Protester lands mini copter on US Capitol lawn
An anti-corruption protester was arrested after he landed his mini helicopter on the U.S. Capitol lawn Wednesday and piloted it through Washington’s no-fly zone, triggering a national security investigation and shocking bystanders.
The Federal Aviation Administration said it is investigating the incident along with other U.S. authorities, adding that the pilot was not in touch with air traffic controllers while in the air.
“The FAA did not authorize him to enter restricted airspace,” the agency said in a statement.
The pilot, Douglas Hughes, was detained and illegal transport charges are pending against him, U.S. Capitol Police said.
The arrested pilot is a Florida man who was conducting civil disobedience to call for campaign finance reform, according to the Tampa Bay Times, which had interviewed and filmed him prior to his audacious flight.
Air space is severely restricted around Washington landmarks, including the White House and the Capitol, which houses the U.S. Congress whose 535 lawmakers were in session at the time.
A bomb squad inspected the gyrocopter, which landed a few hundred yards (meters) from the Capitol, but found nothing hazardous. It was cleared from the grounds hours later.
Authorities reportedly put the building on temporary lockdown, although it was not evacuated. Iraq’s Prime Minister Haider alAbadi was in the Capitol at the time for a meeting with senators.
Witness Rachel Jackman said she was alarmed after the incident.
“Within minutes, the entire area was shut down. I mean, there were probably 30 or 40 of the Capitol police there, cars, some black SUVs as well,” she told CNN.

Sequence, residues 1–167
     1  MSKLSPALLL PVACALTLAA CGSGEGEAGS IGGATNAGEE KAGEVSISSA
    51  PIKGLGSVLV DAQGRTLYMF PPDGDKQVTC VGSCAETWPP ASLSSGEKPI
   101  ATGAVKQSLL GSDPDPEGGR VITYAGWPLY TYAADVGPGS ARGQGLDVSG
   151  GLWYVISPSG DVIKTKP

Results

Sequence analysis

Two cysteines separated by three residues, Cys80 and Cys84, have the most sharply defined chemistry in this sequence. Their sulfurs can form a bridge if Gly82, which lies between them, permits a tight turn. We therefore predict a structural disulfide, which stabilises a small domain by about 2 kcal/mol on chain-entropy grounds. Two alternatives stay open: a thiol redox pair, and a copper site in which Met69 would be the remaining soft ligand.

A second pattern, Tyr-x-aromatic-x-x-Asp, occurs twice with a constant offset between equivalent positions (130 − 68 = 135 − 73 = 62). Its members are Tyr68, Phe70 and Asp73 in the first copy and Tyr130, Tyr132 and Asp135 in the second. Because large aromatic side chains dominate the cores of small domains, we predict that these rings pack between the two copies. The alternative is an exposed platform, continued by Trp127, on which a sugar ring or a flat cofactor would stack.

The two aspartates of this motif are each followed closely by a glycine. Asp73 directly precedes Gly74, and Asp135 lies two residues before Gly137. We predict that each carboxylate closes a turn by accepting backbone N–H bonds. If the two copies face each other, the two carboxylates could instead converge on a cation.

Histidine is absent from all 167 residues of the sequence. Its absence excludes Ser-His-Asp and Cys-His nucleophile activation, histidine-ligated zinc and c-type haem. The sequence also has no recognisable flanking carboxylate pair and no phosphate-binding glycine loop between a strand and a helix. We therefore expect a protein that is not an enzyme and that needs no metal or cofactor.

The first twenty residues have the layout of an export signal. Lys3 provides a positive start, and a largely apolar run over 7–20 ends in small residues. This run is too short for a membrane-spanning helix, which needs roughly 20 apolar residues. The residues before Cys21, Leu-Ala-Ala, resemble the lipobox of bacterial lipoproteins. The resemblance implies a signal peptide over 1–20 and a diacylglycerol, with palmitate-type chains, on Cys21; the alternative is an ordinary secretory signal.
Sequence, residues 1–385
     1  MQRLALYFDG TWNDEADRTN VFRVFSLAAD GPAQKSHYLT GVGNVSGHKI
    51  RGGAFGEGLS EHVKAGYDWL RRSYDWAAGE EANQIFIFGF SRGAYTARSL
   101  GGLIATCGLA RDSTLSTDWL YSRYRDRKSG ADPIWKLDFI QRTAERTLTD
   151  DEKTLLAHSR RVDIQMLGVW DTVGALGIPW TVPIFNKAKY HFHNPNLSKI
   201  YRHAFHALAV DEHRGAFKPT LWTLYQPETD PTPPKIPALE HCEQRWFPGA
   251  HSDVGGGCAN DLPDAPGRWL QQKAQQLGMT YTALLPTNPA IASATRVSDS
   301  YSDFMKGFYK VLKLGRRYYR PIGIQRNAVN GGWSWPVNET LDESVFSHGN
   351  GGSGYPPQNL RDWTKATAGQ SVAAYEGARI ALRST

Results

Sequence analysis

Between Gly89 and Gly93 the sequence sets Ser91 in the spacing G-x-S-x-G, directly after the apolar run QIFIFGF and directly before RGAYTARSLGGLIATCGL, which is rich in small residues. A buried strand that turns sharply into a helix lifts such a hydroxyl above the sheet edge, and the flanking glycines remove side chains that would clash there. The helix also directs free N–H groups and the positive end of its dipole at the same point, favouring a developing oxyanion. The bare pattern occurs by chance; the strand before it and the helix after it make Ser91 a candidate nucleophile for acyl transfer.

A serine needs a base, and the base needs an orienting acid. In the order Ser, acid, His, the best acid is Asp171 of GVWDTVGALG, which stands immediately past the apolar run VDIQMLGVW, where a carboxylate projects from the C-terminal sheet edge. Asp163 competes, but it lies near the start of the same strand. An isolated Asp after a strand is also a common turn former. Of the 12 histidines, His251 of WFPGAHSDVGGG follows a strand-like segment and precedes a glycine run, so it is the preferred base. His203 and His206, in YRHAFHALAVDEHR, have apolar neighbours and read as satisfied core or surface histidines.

The breach during tourist season was the second air security scare this year in the U. S. capital.
In January, an intelligence agency employee lost control of a hobby drone and crashed it on the White House lawn, prompting a Secret Service investigation.
President Barack Obama was briefed about Wednesday’s incident, the White House said.
Air defense command NORAD told AFP that it only became aware of the incident after the gyrocopter landed.
NORAD spokesman Maj. Jamie Humphries said an investigation is underway to determine if the helicopter was detected by radar and why officials were not aware of the aircraft while it was in the air.
In addition to the FAA, the Secret Service and a handful of other U.S. agencies are investigating the landing.
‘Patriot,’ not Bomber
“I’m demanding reform and declaring a voter’s rebellion in a manner consistent with Jefferson’s description of rights in the Declaration of Independence,” Hughes, 61, reportedly wrote in letters to all 535 members of Congress and which he carried with him on his flight.
On the website Democracyclub. org, Hughes described what he wanted to achieve with his stunt.
“In every Congressional race in 2016, I want every candidate to take a stand on corruption,” he apparently wrote.
Hughes is described as a mailman, and a logo appearing to be that of the U.S. Postal Service was visible on the tail of the aircraft.
It appeared Hughes was flying a single- seat, open- cockpit Bensen- type gyrocopter, which the FAA classifies as an ultralight “vehicle” that requires no registration.
The gyrocopter typically cruises at 65 miles (105 kilometers) an hour, with flight times of no more than 90 minutes. No airport is required for takeoff and a rear propeller is used for thrust.
“They’re designed very strictly for recreational, low-altitude flying,” Dick Knapinski, spokesman for the Experimental Aircraft Association, told AFP.
A U.S. Capitol Police officer told the Tampa Bay Times that Hughes “hasn’t notified anybody” of his planned flight.
But his friend Mike Shanahan said he called a Secret Service agent to notify him of the flight hours before Hughes landed in Washington.
“He’s not a suicide bomber, he’s a patriot,” Shanahan, 65, told the newspaper.
A member of a bomb squad approaches a small helicopter after it landed on the West Lawn of the Capitol in Washington, Wednesday, April 15.